Wind farm benefits, concerns, and resolution

renewable-energy-470x260Earlier in April, The Weekly Times published an editorial on wind energy that covered the factors surrounding wind farms development, its beneficiaries, and detractors:

Wind farm benefits and concerns must be considered

VICTORIA enjoys an abundance of brown coal, which has provided cheap electrical power for generations. It also has the best wind resources of any state on the Australian mainland. Both energy sources have people in a spin.

Climate change is already a very real consideration for those on the land who are confused by mixed messages on the subject by our leaders. Hazelwood Power Station in the Latrobe Valley is supposedly the worst polluter in the nation yet it produces a hefty chunk of Victoria’s baseload power.

For all the 500 wind turbines already scattered around the state, causing division wherever they go, their collective power output fails to match a single Hazelwood. Wind may be the cheapest of the renewable energies but overseas companies need taxpayer support to compete with the Hazelwoods.

Still, it is impossible to not be excited by the $5 billion on offer for this next wave of wind farm investment in rural Victoria. Western Victoria, in particular, stands to benefit the most from this investment.

Cash- and population-poor municipal councils wouldn’t be doing their job if they weren’t chasing their slice of this rich pie.

Yet not everyone shares the same love of wind turbines. Curiously, those claiming to suffer health problems from the spinning blades are never those living closest, those who enjoy the rewards of sharing their land.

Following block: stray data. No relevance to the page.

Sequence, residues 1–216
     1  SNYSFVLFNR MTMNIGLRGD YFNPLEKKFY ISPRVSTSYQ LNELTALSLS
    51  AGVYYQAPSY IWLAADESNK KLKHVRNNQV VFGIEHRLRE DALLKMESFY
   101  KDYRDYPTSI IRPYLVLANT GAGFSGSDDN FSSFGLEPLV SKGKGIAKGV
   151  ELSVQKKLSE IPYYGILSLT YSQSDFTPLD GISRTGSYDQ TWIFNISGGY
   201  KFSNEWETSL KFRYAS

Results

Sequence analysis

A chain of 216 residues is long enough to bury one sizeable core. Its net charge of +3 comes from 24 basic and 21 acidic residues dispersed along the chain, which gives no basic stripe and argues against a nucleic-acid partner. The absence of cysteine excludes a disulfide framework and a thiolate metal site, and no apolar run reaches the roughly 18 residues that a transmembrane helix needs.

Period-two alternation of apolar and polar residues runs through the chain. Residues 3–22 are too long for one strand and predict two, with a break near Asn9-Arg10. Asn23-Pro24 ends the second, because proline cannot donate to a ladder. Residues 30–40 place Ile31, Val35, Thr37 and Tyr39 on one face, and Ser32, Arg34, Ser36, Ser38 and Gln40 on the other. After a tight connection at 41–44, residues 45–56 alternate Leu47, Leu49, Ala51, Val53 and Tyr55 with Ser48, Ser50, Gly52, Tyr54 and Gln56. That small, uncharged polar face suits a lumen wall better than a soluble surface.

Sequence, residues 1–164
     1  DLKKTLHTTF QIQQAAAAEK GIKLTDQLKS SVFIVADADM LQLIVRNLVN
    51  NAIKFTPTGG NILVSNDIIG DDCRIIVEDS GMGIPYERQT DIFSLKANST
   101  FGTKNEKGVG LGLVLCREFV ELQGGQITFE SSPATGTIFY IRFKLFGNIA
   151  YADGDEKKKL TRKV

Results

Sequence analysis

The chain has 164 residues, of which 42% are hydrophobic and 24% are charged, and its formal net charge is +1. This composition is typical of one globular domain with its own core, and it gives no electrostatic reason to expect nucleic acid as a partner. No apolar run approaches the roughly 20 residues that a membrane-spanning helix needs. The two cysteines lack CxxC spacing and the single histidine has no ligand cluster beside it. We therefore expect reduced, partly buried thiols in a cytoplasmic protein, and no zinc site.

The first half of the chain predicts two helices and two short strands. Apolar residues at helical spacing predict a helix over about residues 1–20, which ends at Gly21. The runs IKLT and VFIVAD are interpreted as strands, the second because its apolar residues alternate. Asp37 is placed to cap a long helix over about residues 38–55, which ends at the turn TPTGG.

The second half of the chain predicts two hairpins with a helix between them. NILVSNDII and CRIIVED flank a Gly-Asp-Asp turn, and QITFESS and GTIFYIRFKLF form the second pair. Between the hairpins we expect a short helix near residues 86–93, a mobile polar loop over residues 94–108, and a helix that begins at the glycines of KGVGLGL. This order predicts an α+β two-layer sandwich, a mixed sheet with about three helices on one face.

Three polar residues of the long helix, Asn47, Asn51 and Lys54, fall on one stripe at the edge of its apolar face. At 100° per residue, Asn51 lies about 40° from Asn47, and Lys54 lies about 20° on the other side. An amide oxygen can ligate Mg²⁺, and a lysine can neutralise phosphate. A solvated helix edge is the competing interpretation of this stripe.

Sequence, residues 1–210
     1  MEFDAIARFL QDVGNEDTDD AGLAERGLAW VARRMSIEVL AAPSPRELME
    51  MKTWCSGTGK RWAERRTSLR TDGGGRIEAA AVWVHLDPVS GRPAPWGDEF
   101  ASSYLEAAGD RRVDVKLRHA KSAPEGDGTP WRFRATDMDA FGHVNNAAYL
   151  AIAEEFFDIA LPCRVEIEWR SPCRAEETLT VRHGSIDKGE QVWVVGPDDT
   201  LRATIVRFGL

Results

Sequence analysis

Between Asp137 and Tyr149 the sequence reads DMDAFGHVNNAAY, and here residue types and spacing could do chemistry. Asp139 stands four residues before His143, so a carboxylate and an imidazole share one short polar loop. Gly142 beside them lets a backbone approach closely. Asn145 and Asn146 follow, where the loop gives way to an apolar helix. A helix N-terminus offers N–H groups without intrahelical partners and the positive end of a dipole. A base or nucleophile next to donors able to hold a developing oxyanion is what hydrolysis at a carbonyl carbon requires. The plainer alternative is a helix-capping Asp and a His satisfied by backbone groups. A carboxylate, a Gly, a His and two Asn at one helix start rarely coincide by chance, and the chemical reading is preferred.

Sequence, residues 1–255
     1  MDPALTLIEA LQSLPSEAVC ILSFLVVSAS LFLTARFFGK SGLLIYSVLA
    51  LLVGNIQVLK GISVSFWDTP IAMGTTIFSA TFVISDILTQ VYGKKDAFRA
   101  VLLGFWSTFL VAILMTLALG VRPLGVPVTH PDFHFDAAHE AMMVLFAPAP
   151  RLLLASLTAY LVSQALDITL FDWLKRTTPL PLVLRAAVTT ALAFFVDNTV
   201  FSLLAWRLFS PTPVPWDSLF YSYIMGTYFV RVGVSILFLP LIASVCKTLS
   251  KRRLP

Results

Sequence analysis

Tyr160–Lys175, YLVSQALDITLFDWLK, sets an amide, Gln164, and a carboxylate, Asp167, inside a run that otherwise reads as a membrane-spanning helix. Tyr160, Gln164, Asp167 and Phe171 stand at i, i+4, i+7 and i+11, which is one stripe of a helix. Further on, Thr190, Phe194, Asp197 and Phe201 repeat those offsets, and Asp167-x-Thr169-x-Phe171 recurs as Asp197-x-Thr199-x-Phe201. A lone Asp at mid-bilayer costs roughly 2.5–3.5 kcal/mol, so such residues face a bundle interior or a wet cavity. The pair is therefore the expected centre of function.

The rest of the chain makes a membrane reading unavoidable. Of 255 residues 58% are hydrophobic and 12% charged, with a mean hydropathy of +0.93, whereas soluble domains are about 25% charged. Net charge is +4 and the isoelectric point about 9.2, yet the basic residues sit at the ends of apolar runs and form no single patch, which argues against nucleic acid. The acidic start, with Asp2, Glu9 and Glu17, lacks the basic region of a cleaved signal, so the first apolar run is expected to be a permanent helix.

It goes beyond these spurious health claims to a wider community upset with a technology, which is necessarily large and obvious.

This is likely a long-term change to their beloved landscape. In our excitement, we still must hear their voice as well.

Ben Courtice of the Moorabool Environment Group chimed in with the following letter to the editor, which is worth reading:

Your editorial “wind power brings concerns” nailed it as far as what drives opposition to wind energy.

Long term change to the landscape does annoy many of us from time to time. When I was 8, I had a long term change to my landscape: my family lost our farm and moved to the city.

Now I’m back living in the country. One thing I like about wind farms is that they help to reverse the trend of all the jobs, young people, investment, land ownership, decisions etc going to the cities and big industry.

Because wind power is necessarily quite decentralised, and with current arrangements for rates/land rent etc, it’s putting a lot of money and jobs back into rural communities and revitalising them.

We all have to deal with change these days, let’s make it a positive one and not keep rolling on into dangerous climate change.

It’s a shame wind energy has gained a reputation for dividing communities. Yet it’s not surprising, given how vested interests and politicians opposed to wind farms have demonised the technology since the late 2000s.

Though wind energy has faced 13 reviews by governments or government agencies since 2010, and the fact that there are 24 reviews on the purported wind/health link, we must have another.

On November 24, 2014, the Australian Senate established a select committee chaired by Senator John Madigan (Victoria) to “inquire into and report on the application of regulatory governance and economic impact of wind turbines.”

The way the current inquiry is unfolding, which looks more like a witch-hunt than an unbiased review, the division over wind energy is likely to continue.

The tension over wind energy that exists in some communities will only be resolved when politicians show leadership, rather than seeing it as an opportunity for political gain and advancing an ideological agenda.


  • Y2R_graphic_editSign our petition calling for Senator Madigan to run a fair wind energy inquiry.
  • Make a submission to the Senate Select Committee on Wind Turbines today. Yes 2 Renewables has put together the following resource and fact sheet to help you have your say. Submissions close on Monday 4 May.
  • Support our campaign by getting involved or making a donation.
  • Connect with us on Facebook and Twitter.

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